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The Conversation

Yes, that one..while many of us have had awkward conversations with our teenagers about big life moments and decisions...that's our job as parents so we feel empowered by our position and knowledge in directing or redirecting our kids. On the other hand, having the conversation with our aging parents is another matter entirely. The conversation requires us to step up and assert authority we are not entirely comfortable with.

People often view the conversation as an endpoint...everyone in the family is scared to death about mom and her ability to drive, live at home, handle her finances? Someone needs to step in and intervene.

I counsel people to take a slightly different approach. Identify the truth teller in the family to be a point person; this is usually someone with a good relationship and trust with the elderly parent. It is also a person who can quietly deliver potentially bad news and withstand any personal insults hurled their way. Once this person is identified...then change the conversation.

Anchor the conversation in the difference between goals and actions. Going into a rehab facility after an injury is not a goal, nor is avoiding going into a facility. The goal is safety and independence. The action to achieve that might be rehab, strengthening, recovery that would be assisted by professional help for a period of time. Even the conversation about entering a nursing home can be framed in an effort to allow strengthening and recovery so remaining in the family home can be considered in the future. The goal remains safety and independence, at whatever level it can be.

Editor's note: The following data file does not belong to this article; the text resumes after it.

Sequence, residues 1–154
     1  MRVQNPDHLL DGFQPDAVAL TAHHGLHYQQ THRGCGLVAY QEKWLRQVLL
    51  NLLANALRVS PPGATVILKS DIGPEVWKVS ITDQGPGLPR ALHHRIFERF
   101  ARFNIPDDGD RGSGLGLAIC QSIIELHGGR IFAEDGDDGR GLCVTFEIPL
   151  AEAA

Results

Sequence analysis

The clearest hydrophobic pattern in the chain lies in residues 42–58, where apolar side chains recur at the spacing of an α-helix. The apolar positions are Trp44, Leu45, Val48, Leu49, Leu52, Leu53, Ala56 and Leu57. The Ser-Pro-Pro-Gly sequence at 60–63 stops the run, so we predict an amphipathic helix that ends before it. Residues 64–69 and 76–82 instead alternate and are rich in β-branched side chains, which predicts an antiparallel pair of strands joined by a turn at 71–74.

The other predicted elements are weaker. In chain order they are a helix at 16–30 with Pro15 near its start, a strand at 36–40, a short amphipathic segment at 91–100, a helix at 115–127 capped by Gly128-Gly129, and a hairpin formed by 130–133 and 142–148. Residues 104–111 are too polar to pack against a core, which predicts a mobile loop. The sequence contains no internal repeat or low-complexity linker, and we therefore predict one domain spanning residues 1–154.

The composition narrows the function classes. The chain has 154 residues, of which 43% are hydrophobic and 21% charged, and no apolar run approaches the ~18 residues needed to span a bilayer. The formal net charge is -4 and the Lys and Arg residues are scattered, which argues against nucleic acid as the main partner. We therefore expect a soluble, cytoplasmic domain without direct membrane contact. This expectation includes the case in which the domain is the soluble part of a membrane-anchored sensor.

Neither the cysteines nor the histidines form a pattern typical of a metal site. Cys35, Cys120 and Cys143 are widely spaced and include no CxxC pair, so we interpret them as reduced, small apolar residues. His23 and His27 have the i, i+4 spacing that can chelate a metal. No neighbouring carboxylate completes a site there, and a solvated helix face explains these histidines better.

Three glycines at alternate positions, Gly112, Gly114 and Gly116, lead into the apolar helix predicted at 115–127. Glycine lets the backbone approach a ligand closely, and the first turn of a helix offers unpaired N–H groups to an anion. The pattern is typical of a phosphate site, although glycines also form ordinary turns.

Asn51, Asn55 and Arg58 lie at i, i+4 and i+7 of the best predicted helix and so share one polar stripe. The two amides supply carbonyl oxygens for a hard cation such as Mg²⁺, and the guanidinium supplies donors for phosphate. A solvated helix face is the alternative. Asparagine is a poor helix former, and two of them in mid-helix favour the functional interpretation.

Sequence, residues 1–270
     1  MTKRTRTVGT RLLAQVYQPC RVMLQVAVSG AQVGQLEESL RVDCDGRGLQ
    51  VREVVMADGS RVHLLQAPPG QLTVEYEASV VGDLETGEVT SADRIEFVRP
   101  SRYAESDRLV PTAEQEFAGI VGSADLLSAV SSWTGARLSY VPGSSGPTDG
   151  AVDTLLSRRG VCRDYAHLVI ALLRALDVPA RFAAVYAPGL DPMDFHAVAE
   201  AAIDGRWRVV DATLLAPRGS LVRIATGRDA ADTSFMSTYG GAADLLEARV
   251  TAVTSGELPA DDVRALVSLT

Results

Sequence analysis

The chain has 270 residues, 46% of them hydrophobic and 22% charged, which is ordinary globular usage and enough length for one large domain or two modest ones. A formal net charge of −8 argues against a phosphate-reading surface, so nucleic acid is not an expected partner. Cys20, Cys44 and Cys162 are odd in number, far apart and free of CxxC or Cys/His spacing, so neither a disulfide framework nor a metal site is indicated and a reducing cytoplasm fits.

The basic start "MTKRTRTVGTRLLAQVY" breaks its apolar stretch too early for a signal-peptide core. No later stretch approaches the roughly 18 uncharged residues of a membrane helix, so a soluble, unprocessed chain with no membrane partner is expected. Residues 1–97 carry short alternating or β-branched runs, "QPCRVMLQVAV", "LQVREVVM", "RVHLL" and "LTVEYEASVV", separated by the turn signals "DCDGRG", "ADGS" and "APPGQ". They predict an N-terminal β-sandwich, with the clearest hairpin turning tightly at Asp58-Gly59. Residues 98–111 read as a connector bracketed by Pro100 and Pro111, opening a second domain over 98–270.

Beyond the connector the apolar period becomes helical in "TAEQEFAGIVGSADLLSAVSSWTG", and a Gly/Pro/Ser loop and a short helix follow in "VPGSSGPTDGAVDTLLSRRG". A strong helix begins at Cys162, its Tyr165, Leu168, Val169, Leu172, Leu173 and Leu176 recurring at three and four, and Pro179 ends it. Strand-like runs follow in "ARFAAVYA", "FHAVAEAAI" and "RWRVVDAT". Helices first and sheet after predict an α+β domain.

Many elderly friends have approached me and identified me as the truth teller for them. They have asked me to tell them when the time comes that they need to stop working or leading some activity because of problems with their performance. They wanted to protect their reputation built over years and years. They needed me to be honest and would accept my input when the time was right. Reassuring them they were not at that time, but that I would be honest if that time came was important (& probably kept them from quitting prematurely)

I have had the conversation in the most dire of circumstances. Our hearts still love and desire the best possible outcome, even when hope dims. We can support the spirit and heart of a person while at the same time acknowledging the body can be weak. Never let go of that and keep it alive in your conversation. Without that safe place to express our deepest hopes and dreams and love we are just conducting business and the conversation is not a business transaction...keep the focus on the love and support.

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